Ministers from the Group of Eight (G8) club huddled here to discuss ways to limit the damage sparked by a doubling of food costs in three years and skyrocketing oil prices.
The G8 will this weekend warn that high oil and food prices pose serious risks to global economic growth, a G8 source said.
"Elevated commodity prices, especially of oil and food, pose serious challenges to a stable growth worldwide, have serious implications for the most vulnerable and may increase global inflationary pressures," according to a draft version of the G8 joint statement.
"These conditions make our policy choices more complicated," it adds, according to the source, who asked not to be named.
"We will remain vigilant and will continue to take appropriate actions, individually and collectively, in order to secure stability and growth in our economies and globally," the draft says.
The G8 was also expected to call for increased investment by energy-producing nations to boost their oil production capacity so as to help rein in prices.
Rising commodity prices have stoked inflation in many countries, raising more fears for the world economy, and come as the United States battles a sharp slowdown sparked by a housing sector slump and related global credit crunch.
International Monetary Fund head Dominique Strauss-Kahn said on the sidelines of the meeting in Osaka in western Japan that the worst of the credit crisis appeared over, but he warned inflation was a serious problem.
"We have good reason to think that the financial crisis is mostly behind us but it's too soon to say" for sure, he told reporters Friday, adding that the IMF thought a proper economic recovery was unlikely until 2009.
Officials have also warned that curbing oil prices is no easy task, with the G8 powers possessing few obvious options to cool the commodity boom quickly.
French Finance Minister Christine Lagarde said the G8 needed harder information about the cause of recent wild swings in crude prices.
"I find it hard to understand the erratic volatility in oil prices" in recent days, she told reporters Friday before the ministers began a series of bilateral talks ahead of their formal meeting Saturday.
Producers insist there is no shortage of oil, blaming speculators and the weak dollar. But analysts say they could still do more to douse speculative froth that helped to push oil prices to nearly 140 dollars per barrel.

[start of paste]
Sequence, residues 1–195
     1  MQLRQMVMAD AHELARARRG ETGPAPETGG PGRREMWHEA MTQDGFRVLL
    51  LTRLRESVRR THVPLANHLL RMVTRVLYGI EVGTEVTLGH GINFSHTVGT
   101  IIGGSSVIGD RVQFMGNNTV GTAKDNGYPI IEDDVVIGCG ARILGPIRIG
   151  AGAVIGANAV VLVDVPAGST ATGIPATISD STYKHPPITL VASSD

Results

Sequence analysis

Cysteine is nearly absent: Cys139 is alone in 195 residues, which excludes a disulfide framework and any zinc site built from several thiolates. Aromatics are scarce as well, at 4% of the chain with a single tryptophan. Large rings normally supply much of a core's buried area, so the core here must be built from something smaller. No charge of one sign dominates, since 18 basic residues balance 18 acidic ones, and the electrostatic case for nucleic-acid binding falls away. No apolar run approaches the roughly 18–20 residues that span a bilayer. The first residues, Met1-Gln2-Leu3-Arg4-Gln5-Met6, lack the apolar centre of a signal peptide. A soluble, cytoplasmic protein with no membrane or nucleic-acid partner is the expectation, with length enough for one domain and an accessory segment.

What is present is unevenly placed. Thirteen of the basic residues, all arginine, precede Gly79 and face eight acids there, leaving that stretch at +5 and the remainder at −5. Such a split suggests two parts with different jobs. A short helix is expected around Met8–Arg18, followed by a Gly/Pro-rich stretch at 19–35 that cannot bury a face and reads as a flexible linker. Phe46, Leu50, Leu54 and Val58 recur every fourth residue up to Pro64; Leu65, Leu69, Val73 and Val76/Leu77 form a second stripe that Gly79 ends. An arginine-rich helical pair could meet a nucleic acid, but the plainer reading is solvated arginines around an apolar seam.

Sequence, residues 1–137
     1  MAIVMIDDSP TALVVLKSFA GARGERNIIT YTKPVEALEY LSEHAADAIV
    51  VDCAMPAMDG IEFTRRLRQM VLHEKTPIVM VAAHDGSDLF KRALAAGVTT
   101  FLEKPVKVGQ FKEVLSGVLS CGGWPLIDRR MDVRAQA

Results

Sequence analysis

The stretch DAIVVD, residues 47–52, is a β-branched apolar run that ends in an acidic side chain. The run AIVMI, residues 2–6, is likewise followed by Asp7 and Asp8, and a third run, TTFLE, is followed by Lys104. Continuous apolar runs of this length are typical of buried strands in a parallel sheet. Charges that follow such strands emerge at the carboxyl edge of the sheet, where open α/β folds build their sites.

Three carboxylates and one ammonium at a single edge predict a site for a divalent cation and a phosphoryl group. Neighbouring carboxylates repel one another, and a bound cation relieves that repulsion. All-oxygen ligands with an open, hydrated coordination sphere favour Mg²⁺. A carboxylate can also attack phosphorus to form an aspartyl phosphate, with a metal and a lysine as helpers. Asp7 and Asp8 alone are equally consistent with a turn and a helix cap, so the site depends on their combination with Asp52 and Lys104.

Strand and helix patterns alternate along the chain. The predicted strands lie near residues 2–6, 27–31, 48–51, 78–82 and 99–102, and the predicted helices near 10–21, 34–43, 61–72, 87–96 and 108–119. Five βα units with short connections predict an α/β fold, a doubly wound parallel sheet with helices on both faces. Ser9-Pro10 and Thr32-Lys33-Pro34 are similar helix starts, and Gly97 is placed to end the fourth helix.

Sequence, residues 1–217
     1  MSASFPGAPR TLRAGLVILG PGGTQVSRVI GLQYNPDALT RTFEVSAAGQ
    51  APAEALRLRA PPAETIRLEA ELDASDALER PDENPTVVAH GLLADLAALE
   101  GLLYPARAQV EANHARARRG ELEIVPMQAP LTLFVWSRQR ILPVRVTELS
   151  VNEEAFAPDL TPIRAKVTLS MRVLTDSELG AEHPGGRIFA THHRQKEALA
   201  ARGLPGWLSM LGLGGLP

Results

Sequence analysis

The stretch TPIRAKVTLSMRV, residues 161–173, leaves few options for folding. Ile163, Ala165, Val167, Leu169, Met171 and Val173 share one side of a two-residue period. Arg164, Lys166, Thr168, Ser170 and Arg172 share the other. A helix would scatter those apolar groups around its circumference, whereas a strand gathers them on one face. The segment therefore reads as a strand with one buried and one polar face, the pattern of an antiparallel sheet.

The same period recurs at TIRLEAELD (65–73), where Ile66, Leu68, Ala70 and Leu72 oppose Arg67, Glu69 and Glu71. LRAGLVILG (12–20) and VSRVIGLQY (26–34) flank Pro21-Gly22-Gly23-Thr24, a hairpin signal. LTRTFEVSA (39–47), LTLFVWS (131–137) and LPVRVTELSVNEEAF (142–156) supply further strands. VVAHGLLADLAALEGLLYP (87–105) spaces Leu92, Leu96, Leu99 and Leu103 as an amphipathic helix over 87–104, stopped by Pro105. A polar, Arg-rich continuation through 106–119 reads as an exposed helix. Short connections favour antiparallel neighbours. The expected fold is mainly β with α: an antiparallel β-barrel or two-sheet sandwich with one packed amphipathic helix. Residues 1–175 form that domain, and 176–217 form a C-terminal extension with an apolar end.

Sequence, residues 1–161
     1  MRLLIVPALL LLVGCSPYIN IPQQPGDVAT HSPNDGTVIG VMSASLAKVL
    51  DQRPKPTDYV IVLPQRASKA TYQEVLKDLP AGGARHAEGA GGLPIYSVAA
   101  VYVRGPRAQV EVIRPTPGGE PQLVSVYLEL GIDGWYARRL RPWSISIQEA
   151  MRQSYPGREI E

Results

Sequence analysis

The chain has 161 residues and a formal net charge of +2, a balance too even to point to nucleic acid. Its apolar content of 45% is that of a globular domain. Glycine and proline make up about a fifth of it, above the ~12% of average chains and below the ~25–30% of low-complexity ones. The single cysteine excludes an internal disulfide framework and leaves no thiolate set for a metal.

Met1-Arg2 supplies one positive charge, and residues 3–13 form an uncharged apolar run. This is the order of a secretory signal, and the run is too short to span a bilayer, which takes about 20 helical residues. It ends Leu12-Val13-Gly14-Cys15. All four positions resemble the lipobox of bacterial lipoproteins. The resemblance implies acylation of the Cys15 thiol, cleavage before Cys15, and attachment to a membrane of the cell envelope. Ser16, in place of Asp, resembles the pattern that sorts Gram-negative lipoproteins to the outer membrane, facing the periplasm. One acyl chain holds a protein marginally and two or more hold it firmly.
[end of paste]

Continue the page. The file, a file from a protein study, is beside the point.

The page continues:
Japanese Finance Minister Fukushiro Nukaga said the ministers had to be on alert about the global economy given the threats it faced, even though US financial markets were becoming more stable.
"We need to be very vigilant about the future economic situation," Nukaga told reporters after meeting US Treasury Secretary Henry Paulson for one-on-one talks, adding they had also discussed currencies but declining to give details.
The meeting on Friday and Saturday gathers the top finance officials from Britain, Canada, France, Germany, Italy, Japan, Russia and the United States.
It is also focused on the food crisis and efforts to tackle climate change, including a proposed fund for technology to combat global warming.
Paulson said Washington would help raise money for the new global fund of up to 10 billion dollars that is designed to assist emerging economies adopt technology that can cut the pollution blamed for climate change.
"This is critical. None of us in the world are going to solve this problem unless we deal with it here," he said in a joint conference with Nukaga, his British counterpart Alistair Darling and World Bank president Robert Zoellick.
Central bank chiefs are absent from this G8 gathering, but financial markets are looking for any signs of increased concern about the weak dollar, particularly in Washington.
The G8 ministers had dinner Friday with officials from nations such as Australia, Brazil, China, South Africa, South Korea and Thailand as part of efforts to reach out to non-member countries.